A dear friend of mine used to live in Maui, and when ever I visited (which was never often enough) he would have just-baked chocolate banana bread to greet me upon arrival. Bananas are omnipresent wherever you go in Hawaii, and they get overly ripe fast in the humidity. Baking banana bread is a great use for the super sweet fruits. Fast forward to my own kitchen, where there now always seems to be about three bananas on the verge of turning brown. I hunted down an easy recipe for chocolate banana bread (on food.com) and modified it slightly. It’s pretty simple pantry fare: mix butter with sugar and vanilla, add in eggs, mashed bananas and milk, flour, cocoa, baking soda, salt. My secret twist? Replace the 1/2 cup of walnuts with chocolate chips. Bake at 350F for 50 minutes. The results are just as moist and lovely as the ones I remember from Maui. This recipe makes two small loaves. One for eating, one for sharing. Here’s the recipe — Chocolate Banana Bread — definitely one for the files! — Angela M.
P.S. Here’s another banana bread recipe from our archives that’s not chocolate, but also very yummy!
I love working from home, testing out recipes in my sanctuary of a kitchen — it’s just me & the food (and music, usually). The serenity in itself is inspiring, but occasionally, I miss the choreographed rhythm of working in a busy teaching kitchen. I learned a lot from the folks I worked with (mostly off-color jokes), so I thought I’d share some of the helpful hacks passed on to me from my well-seasoned (excuse the pun) ex-co-workers with our fabulous readers.
- Halving cherry tomatoes or grapes with ease: Instead of wasting time slicing every single one in half, use a small dessert plate to hold a handful of fruit, roll gently to level, and slice slowly with a serrated knife. It may take a little practice, but they should come out perfectly halved and ready for your recipe.
-Wrap your mixer: When whipping cream or egg whites in a stand mixer, avoid the messy splatters all over your kitchen by draping the top of your mixer with plastic wrap. Such an easy (and obvious) fix — I can’t believe I never thought of it myself!
-Upcycled knife guards: When transporting your kitchen knives or storing them in a drawer, protect the edge and your fingers by using a flattened empty paper towel roll. Just slide your blade in, secure with a binder clip, and you’re done. TP rolls are the perfect size for paring knives.
-Ice cube trays to the rescue: Use ice cube trays to freeze small squares of homemade stock, then pop them out and store in ziplock bags. You don’t have to thaw a whole quart of stock at a time, just pop out exactly what you need. I also freeze left over wine this way and I’ve got it ready for deglazing and reduction sauces.
Do you have any helpful hacks of your own to share? Leave them in the comments! — Megan B.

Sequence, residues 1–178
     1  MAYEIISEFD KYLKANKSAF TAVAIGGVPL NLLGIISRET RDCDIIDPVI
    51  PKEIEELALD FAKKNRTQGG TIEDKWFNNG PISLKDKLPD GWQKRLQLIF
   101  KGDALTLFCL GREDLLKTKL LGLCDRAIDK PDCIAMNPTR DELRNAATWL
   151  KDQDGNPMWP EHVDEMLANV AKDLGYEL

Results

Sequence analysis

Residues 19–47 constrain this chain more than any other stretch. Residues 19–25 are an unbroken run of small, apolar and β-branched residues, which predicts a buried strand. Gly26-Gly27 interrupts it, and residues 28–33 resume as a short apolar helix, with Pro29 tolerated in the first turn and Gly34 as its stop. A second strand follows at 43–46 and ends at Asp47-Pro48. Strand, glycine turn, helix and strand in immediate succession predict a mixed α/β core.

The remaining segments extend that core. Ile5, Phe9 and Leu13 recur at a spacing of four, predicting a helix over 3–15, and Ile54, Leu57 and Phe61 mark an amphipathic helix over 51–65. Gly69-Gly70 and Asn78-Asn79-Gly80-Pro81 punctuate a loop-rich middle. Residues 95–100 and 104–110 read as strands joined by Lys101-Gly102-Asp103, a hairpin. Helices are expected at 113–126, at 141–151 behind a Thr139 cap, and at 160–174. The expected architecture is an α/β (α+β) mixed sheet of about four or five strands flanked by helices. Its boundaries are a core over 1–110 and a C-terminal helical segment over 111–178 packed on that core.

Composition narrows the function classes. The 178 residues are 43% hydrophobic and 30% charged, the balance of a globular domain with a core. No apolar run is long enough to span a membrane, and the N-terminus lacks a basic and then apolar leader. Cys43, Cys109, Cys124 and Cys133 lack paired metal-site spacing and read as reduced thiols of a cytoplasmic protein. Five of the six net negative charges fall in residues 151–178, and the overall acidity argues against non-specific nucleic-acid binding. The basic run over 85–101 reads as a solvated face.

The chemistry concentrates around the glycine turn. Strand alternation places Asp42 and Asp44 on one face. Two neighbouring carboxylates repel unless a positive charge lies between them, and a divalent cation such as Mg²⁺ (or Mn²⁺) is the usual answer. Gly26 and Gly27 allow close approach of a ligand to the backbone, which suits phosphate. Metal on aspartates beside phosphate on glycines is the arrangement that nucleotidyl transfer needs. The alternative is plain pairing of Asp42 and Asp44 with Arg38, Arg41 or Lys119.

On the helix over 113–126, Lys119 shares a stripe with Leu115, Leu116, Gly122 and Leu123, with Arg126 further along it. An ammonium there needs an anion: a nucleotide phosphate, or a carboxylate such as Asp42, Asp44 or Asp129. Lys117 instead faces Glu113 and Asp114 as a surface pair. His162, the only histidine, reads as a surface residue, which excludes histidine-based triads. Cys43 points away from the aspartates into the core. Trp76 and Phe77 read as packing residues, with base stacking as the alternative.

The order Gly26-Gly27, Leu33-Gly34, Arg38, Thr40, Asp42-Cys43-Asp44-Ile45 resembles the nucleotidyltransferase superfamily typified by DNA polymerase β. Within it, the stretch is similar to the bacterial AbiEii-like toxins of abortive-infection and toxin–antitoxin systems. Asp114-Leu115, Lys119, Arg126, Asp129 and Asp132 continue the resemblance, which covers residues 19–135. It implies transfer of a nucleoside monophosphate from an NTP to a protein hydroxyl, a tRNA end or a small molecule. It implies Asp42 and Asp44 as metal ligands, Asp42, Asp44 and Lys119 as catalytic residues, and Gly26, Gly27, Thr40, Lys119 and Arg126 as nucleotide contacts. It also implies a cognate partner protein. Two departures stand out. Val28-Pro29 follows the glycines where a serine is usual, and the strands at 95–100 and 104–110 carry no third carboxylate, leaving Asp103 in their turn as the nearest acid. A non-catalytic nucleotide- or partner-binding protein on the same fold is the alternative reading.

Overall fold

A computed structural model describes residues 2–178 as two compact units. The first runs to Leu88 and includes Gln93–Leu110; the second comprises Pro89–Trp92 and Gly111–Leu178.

Imagine this: Youâ€™re planning a bridal shower brunch for 80 (yes, 80) guests. The invitations have been sent, the favors ordered, the menu set and venue booked. The only thing that remains in this large-scale production is deciding on and making the centerpieces for the tables. This is the dilemma facing a good friend right now, and so Iâ€™m looking to you, dear readers, for a solution. Flower arrangements can be expensive so weâ€™re searching for some creative ideas that we can execute ourselves on a manageable budget. Weâ€™ve been looking into big, scene-stealing flowers, like peonies and hydrangeas, which might be able to do the job of bigger bouquets with fewer stems. Iâ€™m also intrigued by the idea of Martha Stewartâ€™s paper flower tutorial as a craftier option but please, weigh in! Have any flower suggestions to share? Know of a great, executable centerpiece strategy you could pass along? Sound off in comments! — Sarah C.
In honor of Cinco de Mayo, I decided to whip up one of my “pantry favorites” — a healthy, quick, and tasty blast of Tex-Mex flavor in the form of a black bean burger. I base my recipe off of one I found two years ago in Gourmet magazine. Though the original was tasty, I’ve tweaked it a bit to make it “just right” by adding canned green chiles, for example. These black bean bad boys are best grilled hot, preferably on seasoned cast iron, and freeze beautifully for a super-fast, satisfying and flavorful meal for pennies. Just don’t forget the guacamole! — Megan B.
Click for the recipe, after the jump! (more…)
I was fortunate enough to have a mom who baked beautiful breads on a regular basis. Home made pumpernickel, pizza dough, sweet rolls, all kneaded by hand. The fragrance of proofing dough is locked into my memory and when smelled, makes me feel a level of comfort no fuzzy slippers can rival. My own efforts at bread baking? Well, lets just say they’ve been less successful. Maybe I haven’t been patient enough — or maybe I haven’t been trying the right technique.
Enter the “No knead” bread phenomenon, which has been all over the blogosphere and beyond since its debut in the New York Times in 2006. This recipe is crazy-simple, just flour, water, salt, and a scant amount of rapid rise yeast. The dough is mixed together and proofed for 14-20 hours, and then baked in a cast iron dutch oven, producing an amazing artisan bread with a nice crust and beautiful hole-filled interior. I topped mine with a brushing of olive oil, coarse sea salt and fresh rosemary. Warm, out of the oven with a big pat of butter: heaven.
above: No-knead bread one.
I immediately restocked the pantry to bake more bread. But a friend convinced me to branch out and try the Cooks Illustrated version, which adds beer and vinegar to the dough, and actually requires a super-brief knead before the second rise. So of course I had to compare the two recipes.
above: interior of the Cooks Illustrated version. Note the dramatic difference in “hole structure”
Click for my results, after the jump! (more…)